Duane Huggett, Waterborne Environmental; Mark Cantu, David Hala, University of North Texas; Jeanne Domoradzki, Debra McNett,Dow Corning Corporation.”Hepatic Biotransformation of 14C-Decamethylcyclopentasiloxane (D5) and 14C-Decamethyltetrasiloxane (L4) in Fish, Birds and Mammals”. SETAC Salt Lake City November 2015.
PostersAgriculture and Food, Home and Personal Care Products, Industrial and Specialty Chemicals2015
Green-washing: What Is a Meaningful Ecolabel
POSTER ID: WP217
PRESENTATION DATE: Wednesday, November 4, 2015
LOCATION: Exhibit Hall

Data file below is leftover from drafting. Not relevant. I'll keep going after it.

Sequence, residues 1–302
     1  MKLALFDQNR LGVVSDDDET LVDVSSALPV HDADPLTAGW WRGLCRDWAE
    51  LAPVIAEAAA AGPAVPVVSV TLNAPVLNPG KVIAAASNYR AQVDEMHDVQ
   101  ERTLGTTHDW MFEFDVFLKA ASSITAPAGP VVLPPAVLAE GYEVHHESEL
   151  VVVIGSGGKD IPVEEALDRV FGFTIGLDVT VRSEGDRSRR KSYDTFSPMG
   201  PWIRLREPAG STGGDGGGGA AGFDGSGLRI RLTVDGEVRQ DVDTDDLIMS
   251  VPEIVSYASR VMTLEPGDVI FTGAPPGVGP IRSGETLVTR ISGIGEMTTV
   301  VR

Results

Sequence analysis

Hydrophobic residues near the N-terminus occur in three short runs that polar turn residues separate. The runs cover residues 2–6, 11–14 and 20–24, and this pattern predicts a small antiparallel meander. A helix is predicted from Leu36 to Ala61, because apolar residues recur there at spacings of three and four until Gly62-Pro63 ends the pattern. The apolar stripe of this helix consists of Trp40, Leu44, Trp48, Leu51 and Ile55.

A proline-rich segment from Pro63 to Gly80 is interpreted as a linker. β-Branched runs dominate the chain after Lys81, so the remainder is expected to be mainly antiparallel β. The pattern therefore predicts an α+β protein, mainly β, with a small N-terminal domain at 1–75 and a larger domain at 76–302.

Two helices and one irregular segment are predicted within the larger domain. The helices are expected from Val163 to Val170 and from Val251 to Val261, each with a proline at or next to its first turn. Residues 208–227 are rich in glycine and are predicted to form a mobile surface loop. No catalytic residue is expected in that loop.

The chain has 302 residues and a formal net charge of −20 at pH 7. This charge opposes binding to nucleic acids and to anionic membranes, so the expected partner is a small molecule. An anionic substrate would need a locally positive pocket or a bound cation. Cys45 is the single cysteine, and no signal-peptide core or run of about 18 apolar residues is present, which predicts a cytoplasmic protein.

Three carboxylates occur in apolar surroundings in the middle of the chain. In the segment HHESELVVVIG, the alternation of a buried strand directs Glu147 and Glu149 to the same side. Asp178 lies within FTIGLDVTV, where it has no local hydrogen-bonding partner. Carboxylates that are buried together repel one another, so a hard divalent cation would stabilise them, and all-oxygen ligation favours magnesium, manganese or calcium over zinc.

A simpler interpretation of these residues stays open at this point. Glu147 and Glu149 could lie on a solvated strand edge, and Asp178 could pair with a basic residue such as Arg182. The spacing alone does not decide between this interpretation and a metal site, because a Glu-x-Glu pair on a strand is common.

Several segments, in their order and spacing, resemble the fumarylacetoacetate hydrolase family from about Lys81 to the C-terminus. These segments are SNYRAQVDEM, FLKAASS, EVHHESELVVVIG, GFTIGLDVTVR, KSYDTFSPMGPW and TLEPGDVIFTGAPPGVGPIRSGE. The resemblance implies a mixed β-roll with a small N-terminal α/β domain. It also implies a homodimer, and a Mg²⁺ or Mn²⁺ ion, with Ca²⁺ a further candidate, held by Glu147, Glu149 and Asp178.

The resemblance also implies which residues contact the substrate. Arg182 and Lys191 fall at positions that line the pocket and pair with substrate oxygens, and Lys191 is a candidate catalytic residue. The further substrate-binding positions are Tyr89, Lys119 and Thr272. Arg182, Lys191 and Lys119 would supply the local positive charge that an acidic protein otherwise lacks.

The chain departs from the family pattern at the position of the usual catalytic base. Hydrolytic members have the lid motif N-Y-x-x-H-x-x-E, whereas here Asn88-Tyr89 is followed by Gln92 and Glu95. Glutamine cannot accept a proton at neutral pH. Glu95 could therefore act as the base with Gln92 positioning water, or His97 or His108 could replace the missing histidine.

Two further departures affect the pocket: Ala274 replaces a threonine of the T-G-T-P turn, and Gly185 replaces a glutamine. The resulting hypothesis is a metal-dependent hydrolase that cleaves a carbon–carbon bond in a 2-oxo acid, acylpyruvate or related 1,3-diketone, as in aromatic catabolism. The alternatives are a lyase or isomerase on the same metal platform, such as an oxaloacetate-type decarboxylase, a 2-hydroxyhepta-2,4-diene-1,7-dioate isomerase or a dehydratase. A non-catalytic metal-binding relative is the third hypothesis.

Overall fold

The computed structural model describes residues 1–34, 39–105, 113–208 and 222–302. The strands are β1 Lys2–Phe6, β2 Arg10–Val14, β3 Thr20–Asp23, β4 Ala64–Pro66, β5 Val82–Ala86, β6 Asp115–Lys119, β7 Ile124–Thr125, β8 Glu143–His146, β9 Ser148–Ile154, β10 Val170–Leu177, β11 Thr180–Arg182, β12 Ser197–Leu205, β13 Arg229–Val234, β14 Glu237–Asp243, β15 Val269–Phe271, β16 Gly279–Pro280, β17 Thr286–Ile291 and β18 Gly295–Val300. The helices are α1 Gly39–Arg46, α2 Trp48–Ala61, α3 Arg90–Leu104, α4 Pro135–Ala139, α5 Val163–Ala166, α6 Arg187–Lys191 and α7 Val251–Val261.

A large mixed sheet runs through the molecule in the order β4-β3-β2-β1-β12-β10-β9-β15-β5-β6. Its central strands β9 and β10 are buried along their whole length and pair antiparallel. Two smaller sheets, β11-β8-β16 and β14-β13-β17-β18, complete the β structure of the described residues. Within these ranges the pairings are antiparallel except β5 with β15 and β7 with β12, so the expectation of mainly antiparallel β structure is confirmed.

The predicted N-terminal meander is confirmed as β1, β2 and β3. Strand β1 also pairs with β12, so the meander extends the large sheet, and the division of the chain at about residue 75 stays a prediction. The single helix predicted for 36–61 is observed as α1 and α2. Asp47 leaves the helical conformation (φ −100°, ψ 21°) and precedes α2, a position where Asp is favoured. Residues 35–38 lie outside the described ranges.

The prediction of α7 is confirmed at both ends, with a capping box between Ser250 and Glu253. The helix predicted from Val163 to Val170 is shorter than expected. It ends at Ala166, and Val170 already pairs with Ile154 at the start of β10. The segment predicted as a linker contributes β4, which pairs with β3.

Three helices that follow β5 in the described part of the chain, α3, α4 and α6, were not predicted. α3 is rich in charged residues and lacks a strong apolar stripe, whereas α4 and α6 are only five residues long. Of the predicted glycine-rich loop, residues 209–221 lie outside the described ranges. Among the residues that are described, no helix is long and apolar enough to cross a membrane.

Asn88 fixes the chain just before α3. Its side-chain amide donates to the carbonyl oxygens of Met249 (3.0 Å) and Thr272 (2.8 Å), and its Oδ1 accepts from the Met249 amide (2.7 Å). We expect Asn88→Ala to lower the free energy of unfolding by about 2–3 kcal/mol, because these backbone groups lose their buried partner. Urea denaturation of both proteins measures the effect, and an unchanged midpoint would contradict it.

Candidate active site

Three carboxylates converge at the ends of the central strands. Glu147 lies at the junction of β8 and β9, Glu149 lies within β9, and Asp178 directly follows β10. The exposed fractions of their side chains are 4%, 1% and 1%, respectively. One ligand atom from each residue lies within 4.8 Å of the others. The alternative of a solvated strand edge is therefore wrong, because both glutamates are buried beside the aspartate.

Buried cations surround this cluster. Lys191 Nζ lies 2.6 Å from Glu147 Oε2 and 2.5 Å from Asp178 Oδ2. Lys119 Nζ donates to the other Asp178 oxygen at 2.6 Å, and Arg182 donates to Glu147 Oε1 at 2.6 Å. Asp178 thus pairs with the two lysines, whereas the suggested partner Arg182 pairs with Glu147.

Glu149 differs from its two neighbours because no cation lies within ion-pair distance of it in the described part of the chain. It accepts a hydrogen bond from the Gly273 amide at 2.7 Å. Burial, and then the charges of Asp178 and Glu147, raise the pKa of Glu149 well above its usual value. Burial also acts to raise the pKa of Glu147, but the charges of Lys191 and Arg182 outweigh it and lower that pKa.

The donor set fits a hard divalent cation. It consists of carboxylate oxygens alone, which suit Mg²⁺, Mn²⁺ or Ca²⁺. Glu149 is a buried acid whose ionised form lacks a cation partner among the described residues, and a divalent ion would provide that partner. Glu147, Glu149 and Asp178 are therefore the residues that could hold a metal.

Currently there are over 400 ecolabels for food and consumer products in the global marketplace. These labels are marketing efforts informing the purchaser of a variety of claims of sustainability measures enacted by companies. The marketplace is flooded with several similar claims on whether a product is less hazardous, sustainable, organic, non-GMO, fair-trade, recyclable, recycled, carbon neutral, or biodegradable. Generally there are four types of labels in order of volume, 1) voluntary environmental certification programs, 2) self- or 3) cause-related claims and 4) governmentally regulated. The federal, some state, and International governments have limited direct roles in ecolabeling beyond mandatory hazard warning (e.g., pesticide or Prop. 65) or informational disclosures (EPA fuel economy, certified organic, WaterSense, or Energy Star). There are several third-party certification and quasi-governmental programs that lend credibility to an ecolabel; however, standardization or centralization of these programs are lacking. Several seals of approval overlap in required data for certification; however, a comprehensive comparison of each standard has not been performed. The US EPA and GAO are reviewing the Environmentally Preferable Purchasing program currently by reviewing a subset of ecolabeling in regards to building paints/coatings/removers, building flooring, and furniture; however, implications towards the general public are unknown. Several questions arise when considering comparison of ecolabeling standards. What would be the best way to implement meaningful change to ecolabel marketing? Develop a list and score each label? Who will collect the information and develop trustworthy comprehensive scoring standards for each product sector? How to engage all stakeholders to agree on the standards? Finally how does all the data collection conform to expanding regulations such as Registration, Evaluation, Authorisation and Restriction of Chemicals (REACH), Restriction of Hazardous Substances (RoHS) Directive, California’s Safer Consumer Products, and Washington’s Chemicals of High Concern to Children?